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A report published by the Rail Delivery Group recommends commuters travelling into London could tap-in and out with a weekly price cap the same as the London fare zones.

Commuters travelling into the Capital could have a weekly price cap on their journeys and cheaper off-peak fares under new proposals by rail bosses.

A report published by the Rail Delivery Group, which represents train operators and Network Rail, has recommended that commuters travelling into London could tap-in and out with a weekly price cap the same as the London fare zones.

The group says this would save commuters who buy weekly season tickets money – supporting changes in working patterns, with part-time working and self-employment having increased by over a third in 22 years.

Paul Plummer, the chief executive of the Rail Delivery Group, said: “The result of our nationwide consultation is clear – customers have different needs and want an easy-to-use range of rail fares to meet them.

“Our proposals can deliver exactly that – creating a system that better fits how people live and work today.”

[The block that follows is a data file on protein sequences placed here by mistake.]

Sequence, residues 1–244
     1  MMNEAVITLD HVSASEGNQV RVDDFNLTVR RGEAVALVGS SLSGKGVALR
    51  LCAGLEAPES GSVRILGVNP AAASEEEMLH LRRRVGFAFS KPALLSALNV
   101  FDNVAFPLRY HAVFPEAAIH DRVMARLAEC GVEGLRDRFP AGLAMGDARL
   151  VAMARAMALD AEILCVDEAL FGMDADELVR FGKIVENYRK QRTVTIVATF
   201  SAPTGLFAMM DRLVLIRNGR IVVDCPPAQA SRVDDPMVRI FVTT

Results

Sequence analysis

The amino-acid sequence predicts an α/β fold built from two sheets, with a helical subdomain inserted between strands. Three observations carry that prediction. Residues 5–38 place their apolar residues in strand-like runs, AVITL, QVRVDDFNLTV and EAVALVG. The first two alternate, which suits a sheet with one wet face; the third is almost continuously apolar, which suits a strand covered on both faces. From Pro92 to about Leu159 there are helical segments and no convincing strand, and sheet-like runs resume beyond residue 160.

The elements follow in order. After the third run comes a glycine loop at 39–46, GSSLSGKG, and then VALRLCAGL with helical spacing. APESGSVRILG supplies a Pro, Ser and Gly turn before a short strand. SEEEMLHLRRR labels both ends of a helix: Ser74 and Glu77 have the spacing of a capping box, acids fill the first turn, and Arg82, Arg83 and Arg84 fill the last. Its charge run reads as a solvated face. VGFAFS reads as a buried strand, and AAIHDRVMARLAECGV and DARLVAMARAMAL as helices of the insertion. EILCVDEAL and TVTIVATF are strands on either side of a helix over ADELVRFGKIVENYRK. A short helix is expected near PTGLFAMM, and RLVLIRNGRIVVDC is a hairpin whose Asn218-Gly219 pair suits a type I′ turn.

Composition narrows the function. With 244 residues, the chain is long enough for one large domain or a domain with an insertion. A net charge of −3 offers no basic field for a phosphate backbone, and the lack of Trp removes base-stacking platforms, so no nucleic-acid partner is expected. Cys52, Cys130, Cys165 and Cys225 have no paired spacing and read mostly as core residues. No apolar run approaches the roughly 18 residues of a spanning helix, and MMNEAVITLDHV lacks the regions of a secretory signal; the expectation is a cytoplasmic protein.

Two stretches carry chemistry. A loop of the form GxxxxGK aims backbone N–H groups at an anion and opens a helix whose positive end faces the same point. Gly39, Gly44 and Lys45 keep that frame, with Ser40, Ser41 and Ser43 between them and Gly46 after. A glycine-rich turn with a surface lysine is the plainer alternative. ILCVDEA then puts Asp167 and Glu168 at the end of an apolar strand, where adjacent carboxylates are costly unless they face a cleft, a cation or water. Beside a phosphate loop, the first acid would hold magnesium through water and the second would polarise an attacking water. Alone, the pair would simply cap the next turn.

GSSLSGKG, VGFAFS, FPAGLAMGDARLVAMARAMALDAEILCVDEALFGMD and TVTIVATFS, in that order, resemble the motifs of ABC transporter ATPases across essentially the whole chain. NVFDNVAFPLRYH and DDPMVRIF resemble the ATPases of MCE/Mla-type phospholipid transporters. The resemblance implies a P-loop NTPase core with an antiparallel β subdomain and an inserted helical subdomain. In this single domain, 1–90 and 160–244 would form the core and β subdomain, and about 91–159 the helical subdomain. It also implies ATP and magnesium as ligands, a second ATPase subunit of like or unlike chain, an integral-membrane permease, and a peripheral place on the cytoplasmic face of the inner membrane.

The report was based on around 20,000 submissions to the group on how the UK’s railways could be improved.

The proposals were welcomed by Labour’s London Assembly Members, who said they could deliver “much-needed” flexibility for commuters.

Florence Eshalomi, Labour’s London Assembly transport spokesperson, said: “The recommendations also add to the growing chorus of calls for increased regional devolution of rail fares, so they can be set at fairer rates.

“It is simply unacceptable that beleaguered commuters have been made to endure continuous delays and cancellations to rail services, despite having to suffer rising fares.

“This is why we need the government to go even further than these proposals, follow the Mayor of London’s lead and freeze all rail fares.

“In addition to this, it is vital that more suburban routes in the Capital are devolved and placed in the hands of TfL to increase the quality and reliability of services.”

Photo credit Au Morandarte (Creative Commons)

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